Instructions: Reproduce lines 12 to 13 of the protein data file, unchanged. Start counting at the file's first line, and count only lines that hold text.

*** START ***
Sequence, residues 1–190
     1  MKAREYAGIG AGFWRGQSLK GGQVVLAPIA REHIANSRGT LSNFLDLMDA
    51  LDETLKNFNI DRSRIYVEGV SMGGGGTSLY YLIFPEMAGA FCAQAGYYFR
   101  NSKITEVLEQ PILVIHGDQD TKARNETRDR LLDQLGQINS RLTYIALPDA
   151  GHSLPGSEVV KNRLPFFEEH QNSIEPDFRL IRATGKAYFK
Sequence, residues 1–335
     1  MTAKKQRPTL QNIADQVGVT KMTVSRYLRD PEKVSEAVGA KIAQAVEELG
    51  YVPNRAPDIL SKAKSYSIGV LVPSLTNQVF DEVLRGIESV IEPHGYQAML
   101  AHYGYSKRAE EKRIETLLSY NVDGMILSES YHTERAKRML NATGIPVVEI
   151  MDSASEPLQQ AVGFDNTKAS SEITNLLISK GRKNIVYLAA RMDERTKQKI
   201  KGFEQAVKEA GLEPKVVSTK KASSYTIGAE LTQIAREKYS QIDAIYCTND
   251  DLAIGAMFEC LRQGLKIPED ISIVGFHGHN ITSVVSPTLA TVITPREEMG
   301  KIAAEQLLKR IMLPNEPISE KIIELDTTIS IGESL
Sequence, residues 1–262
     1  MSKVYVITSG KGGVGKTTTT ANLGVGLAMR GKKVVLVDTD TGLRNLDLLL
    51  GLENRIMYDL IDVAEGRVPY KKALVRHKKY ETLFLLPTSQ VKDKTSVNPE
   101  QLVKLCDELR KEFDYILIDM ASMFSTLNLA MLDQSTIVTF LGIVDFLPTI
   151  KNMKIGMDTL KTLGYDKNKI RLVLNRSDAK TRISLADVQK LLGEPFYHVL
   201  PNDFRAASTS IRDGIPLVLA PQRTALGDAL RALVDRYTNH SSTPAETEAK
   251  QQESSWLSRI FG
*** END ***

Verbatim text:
   251  DLAIGAMFEC LRQGLKIPED ISIVGFHGHN ITSVVSPTLA TVITPREEMG
   301  KIAAEQLLKR IMLPNEPISE KIIELDTTIS IGESL